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What Scarborough novelist Catherine Hernandez is reading now

By Nathan Maharaj • October 23, 2020Author Interviews

Catherine Hernandez' first novel, Scarborough, painted a moving portrait of struggle and love in the far east end of Toronto. Her new book Crosshairs is about a Toronto that doesn't exist... yet.

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What are you reading now?

Two books are blowing my mind right now.

Seven by Farzana Doctor explores the emotional truths behind the practice of female genital mutilation while compassionately teasing out the complexities of kinship, feminism and marriage. It is a brilliant read that urges readers to move past the headlines and into the mind of one woman as she reconnects with her body, her past.

Bittersweet is a collection of poems by fellow Scarborough writer, Natasha Ramoutar. The title perfectly captures the experience of reading her words. Each poem simultaneously lulls you into the comforts of home, the love of family while ruining you with stories of diasporic disconnection and lost language.

What’s a book you loved as a child?

When I was a kid, a set of Nancy Drew books sat on my night table. I loved the sensation of cracking open each hardcover book, with its painted illustration stretched across the front, around the spine to the back, the musty smell of its pages. As a closeted person at the time, what I loved even more was the queer vibe between Nancy and George. I did not care about the mysteries they solved together. I just wanted them to get it on already.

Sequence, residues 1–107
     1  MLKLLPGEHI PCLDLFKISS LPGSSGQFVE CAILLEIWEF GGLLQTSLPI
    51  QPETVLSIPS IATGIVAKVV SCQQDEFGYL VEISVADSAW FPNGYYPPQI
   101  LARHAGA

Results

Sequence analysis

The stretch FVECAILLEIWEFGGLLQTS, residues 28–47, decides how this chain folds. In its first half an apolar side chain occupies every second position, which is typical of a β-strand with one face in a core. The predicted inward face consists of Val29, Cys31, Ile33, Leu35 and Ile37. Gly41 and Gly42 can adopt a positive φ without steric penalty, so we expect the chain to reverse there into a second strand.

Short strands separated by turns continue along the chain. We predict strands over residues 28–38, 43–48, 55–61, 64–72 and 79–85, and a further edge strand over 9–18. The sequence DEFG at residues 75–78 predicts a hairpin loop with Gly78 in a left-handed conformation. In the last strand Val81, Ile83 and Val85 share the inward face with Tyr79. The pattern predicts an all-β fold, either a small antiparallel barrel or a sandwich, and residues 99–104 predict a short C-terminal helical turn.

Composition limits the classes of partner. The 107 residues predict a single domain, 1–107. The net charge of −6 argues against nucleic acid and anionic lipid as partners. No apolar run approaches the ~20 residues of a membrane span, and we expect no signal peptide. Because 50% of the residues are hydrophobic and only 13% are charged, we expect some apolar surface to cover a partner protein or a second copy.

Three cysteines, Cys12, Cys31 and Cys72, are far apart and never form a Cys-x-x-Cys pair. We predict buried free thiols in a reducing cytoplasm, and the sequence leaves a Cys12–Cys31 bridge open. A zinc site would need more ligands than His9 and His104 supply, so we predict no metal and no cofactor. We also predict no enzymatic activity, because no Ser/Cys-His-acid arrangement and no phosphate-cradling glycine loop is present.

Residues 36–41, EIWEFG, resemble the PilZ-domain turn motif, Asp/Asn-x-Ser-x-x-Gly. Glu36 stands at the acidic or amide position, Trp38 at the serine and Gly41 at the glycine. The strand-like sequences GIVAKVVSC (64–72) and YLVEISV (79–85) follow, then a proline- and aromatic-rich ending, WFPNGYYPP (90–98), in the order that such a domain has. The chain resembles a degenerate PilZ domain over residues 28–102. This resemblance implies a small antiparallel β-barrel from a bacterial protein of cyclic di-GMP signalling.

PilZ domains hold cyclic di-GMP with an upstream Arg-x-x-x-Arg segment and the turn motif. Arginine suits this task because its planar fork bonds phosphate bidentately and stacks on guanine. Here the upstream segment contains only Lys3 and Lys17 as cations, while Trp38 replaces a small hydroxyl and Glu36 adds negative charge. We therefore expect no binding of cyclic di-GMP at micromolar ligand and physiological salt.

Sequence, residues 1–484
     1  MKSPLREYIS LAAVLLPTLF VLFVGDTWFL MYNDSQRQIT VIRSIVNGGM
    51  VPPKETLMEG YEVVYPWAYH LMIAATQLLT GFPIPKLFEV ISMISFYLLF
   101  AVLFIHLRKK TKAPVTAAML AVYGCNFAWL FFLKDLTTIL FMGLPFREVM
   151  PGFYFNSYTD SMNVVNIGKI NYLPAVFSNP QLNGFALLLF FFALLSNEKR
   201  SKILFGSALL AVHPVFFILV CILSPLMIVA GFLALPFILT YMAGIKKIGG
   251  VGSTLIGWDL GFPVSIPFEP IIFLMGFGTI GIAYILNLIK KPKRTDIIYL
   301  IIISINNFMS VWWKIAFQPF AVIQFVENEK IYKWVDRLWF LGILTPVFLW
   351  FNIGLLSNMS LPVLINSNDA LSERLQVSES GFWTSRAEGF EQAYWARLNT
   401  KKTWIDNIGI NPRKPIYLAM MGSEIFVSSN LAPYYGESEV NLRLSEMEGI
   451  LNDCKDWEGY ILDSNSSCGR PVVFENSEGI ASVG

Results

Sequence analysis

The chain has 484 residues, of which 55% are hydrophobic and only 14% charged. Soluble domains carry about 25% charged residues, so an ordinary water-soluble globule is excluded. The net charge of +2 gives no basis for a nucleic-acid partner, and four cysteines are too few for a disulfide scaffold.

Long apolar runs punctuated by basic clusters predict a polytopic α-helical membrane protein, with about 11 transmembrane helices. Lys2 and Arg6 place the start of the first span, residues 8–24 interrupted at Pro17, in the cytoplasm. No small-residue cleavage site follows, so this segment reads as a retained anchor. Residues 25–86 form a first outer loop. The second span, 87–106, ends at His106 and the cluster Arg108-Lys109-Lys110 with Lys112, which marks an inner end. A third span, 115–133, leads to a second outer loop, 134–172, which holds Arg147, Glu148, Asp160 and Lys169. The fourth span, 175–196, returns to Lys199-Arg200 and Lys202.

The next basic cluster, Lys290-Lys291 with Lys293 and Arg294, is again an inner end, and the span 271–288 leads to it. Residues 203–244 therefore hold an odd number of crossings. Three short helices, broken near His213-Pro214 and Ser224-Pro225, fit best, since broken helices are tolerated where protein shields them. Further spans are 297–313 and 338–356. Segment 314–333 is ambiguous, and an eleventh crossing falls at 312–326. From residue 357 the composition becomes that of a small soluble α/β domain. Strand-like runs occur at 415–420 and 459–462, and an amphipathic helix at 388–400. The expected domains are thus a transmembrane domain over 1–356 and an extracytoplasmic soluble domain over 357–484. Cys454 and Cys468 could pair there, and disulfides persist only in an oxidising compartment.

Have you gone back to it as an adult?

I can't. The unrequited queerness is too much for me to bear. Just get it on already.

Did you draw on particular works of science fiction to write Crosshairs?

Octavia Butler's Parable of the Sower was a major inspiration. I wanted readers of Crosshairs to feel like by the time they would finish the book, this terrifying reality would unravel outside their door. With COVID-19 and worldwide civil unrest, I had no idea this terrifying reality would feel like it happened yesterday.

Another inspiration was adrienne maree brown's Pleasure Activism. After learning about how pleasure and self-care in marginalized communities is a form of resistance, I decided to give my characters moments of joy and connection while a genocidal campaign unfolded.

What’s a book you love that’s completely different from Scarborough or Crosshairs?

With all of the uncertainty in this world, my partner and I have created an Apocalypse Garden. I am currently reading a lot about urban farming and vermiculture. I am not the best gardener but I do better with each new growing season thanks to books like The Urban Homestead by Kelly Coyne and Erik Knutzen.

Crosshairs by Catherine Hernandez

In a terrifyingly familiar near-future, with massive floods that lead to rampant homelessness and devastation, a government-sanctioned regime called the Boots seizes the opportunity to force communities of colour, the disabled and the LGBTQ2S into labour camps in the city of Toronto.

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Author photo by Charm Torres

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